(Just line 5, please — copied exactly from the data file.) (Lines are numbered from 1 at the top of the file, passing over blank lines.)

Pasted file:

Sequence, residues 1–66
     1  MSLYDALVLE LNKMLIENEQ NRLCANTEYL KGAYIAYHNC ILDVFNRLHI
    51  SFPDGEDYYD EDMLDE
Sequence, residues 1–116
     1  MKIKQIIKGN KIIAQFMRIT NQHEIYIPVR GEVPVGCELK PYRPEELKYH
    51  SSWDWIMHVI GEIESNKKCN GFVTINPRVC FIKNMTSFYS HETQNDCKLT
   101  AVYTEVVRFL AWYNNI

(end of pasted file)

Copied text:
     1  MKIKQIIKGN KIIAQFMRIT NQHEIYIPVR GEVPVGCELK PYRPEELKYH